Ep. 90 – Fears People Have When Considering Drug and Alcohol Treatment

My wife and I brought a beautiful baby girl, Winnie Margaret Conrad, into the world three weeks ago!

The question to ask yourself when you are considering treatment: How do drugs and alcohol add value to my life today?

There are many different reasons addicts will not go into drug and alcohol rehab. One reason may be because the addict thinks they won’t be able to become clean, so what is the point of going? With that attitude, you definitely won’t become clean and sober again.

I’m here to tell you, relapse is NOT a part of recovery. This statement, which I’ve heard many times, is BS. Relapse is only a part of recovery if you choose to make this a part of your recovery.

In this episode, I’m going to talk about the most common fears people have when considering treatment options. Many people have a fear of the unknown. Remember, treatment for any problem, whether the issue is medical, such as a broken leg or addiction, is purposeful. The reason you go for treatment is for repair. Treatment is generally uncomfortable; however, the goal for your treatment is to heal successfully.

When you enter into drug and alcohol treatment, it may be hard to comprehend your life moving forward without drugs and alcohol. You may be asking yourself the following questions:

What does drug and alcohol treatment look like?
What can I expect during this process?
What are the actions and steps I’ll have to do in the addiction program?
What types of treatments will my rehab consist of?
Who will be leading my rehabilitation?
What types of doctors, psychologists, will I be working with during rehab?
What will this process look like for me?
I’ll be speaking with my guest, Griff, today about his fears about going into drug and alcohol rehab. He has been in rehab for six months and will talk to us about dealing with emotions.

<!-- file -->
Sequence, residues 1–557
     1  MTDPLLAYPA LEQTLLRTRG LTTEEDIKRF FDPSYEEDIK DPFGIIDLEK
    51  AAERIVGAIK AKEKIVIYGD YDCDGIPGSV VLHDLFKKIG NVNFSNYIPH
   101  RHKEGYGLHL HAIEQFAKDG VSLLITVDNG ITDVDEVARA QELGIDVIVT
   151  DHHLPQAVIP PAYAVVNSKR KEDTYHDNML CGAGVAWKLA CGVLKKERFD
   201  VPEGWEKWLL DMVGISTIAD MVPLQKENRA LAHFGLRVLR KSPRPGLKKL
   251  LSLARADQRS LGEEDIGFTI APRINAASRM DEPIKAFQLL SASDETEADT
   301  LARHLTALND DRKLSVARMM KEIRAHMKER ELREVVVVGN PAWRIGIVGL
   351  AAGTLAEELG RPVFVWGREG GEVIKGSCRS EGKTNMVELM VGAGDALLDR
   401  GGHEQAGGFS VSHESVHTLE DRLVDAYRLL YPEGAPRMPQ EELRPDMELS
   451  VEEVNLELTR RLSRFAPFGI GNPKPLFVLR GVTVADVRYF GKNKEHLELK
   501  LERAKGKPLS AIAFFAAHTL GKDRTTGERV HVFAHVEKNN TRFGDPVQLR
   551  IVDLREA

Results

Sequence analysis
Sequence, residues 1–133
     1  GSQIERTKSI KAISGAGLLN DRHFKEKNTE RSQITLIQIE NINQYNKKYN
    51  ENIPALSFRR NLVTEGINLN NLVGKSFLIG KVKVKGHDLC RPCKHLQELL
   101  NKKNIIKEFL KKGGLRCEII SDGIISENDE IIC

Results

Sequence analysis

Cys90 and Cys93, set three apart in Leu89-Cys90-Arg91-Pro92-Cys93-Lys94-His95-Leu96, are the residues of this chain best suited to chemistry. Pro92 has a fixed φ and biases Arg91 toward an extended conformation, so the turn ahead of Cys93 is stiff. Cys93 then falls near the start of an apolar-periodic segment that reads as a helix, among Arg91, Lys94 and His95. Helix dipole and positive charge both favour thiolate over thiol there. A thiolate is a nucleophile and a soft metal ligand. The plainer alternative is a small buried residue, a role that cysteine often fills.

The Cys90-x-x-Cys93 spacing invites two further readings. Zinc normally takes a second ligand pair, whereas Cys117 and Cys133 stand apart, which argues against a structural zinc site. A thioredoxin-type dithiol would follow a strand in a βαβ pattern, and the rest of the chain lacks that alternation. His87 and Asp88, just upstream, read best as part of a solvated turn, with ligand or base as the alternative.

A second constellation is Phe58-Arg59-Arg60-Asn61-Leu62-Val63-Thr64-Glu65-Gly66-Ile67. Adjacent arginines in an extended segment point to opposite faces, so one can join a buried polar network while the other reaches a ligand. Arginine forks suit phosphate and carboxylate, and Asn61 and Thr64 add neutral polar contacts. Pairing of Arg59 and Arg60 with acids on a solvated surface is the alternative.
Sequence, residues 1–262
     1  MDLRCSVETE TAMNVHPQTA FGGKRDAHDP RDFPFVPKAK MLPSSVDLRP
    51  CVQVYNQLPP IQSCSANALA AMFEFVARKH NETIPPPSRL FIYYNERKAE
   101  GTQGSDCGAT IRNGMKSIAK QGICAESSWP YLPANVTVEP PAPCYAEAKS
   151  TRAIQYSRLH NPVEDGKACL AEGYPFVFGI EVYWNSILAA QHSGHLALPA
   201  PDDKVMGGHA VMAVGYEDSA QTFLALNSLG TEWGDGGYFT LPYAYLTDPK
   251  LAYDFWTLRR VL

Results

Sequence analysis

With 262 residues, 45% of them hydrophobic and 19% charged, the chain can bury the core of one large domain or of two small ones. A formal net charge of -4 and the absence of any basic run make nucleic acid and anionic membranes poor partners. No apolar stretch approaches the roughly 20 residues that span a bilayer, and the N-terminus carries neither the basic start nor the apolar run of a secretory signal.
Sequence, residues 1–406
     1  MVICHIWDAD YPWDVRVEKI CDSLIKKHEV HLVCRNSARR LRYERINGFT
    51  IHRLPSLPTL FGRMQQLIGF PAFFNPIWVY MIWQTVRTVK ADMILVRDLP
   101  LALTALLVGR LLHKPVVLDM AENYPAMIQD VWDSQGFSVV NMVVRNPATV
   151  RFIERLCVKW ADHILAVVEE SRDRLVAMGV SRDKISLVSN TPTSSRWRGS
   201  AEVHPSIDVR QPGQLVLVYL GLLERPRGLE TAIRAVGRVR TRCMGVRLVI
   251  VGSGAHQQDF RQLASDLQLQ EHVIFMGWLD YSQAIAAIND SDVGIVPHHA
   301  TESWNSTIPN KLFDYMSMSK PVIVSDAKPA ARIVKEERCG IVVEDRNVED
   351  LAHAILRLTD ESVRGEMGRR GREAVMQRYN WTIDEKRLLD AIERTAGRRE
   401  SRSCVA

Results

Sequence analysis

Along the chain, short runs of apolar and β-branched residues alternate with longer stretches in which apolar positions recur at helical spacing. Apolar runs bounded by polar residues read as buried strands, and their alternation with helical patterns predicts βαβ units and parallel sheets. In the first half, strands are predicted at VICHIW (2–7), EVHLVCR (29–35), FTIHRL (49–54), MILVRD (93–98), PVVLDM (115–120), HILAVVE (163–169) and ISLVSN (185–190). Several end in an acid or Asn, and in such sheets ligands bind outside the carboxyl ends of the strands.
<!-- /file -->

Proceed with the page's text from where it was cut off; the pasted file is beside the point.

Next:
Fear #1: Talking about your emotions. As an addict, we tend to live emotionless lives to avoid feeling emotions. You are using drugs and alcohol to mask your true emotions. Your feelings are overwhelming; however, if you do not process your emotions, you have a significant chance of falling back into the addiction cycle.

When Griff first started feeling emotion, he felt love for the first time. This was the first experience he had with loving himself. Also, he experiences the emotion of hate for his actions in the past.

He now realizes he has a choice not to live a life of addiction. He feels he is a better person now than he was before. Griff realizes that he feels different if he is around others who are drinking.

Fear #2: Loneliness: Make sure to have a trusted counselor or other professional to work through your emotional process and have a clean and positive community of friends who can be there for you when you are working through the recovery process.

Griff talks about how vital the community at the Rock Recovery Center is for him through his process of recovery. He felt welcome and accepted at the Rock Recovery Center. Even though he considers himself an introvert, he realizes how his new friends are looking out for him.

Listen in to hear more detail about three common fears many people experience when considering drug and alcohol rehabilitation.

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Show Notes:

[03:54] Trying to comprehend your life without drugs and alcohol.
[04:06] Common modalities and activities you may have in your recovery program.
[04:33] Fear #1: The fear of dealing with your emotions
[05:59] My guest Griff talks about using since he was 12 and not having to deal with emotions for a very long time.
[07:02] Feeling guilt and shame when going through the treatment process.
[07:25] Griff talks about harnessing his new found emotions to change and become a better person.
[09:09] Going through and processing emotions with a trained therapist who you can trust and feel comfortable with when healing from addiction.
[10:56] Stay away from environments which have drugs or alcohol when you are in early recovery.
[11:09] Fear #2 the fear of loneliness.
[12:39] Griff talks about the relationships he has developed during treatment.
[13:39] Be an asset to your community during treatment.
[14:59] Griff talks about his new found “family” at the Rock Recovery Center and the importance of having this community for his well-being.
[17:04] The community at the Rock Recovery Center holding each other accountable.
[20:04] Perspective: look at how wonderful your life would be without dependence on drugs and alcohol instead of thinking about life without drugs and alcohol.
Links and Resources:

Real Recovery Live Chat
Real Recovery Talk on the Web
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Rock Recovery Center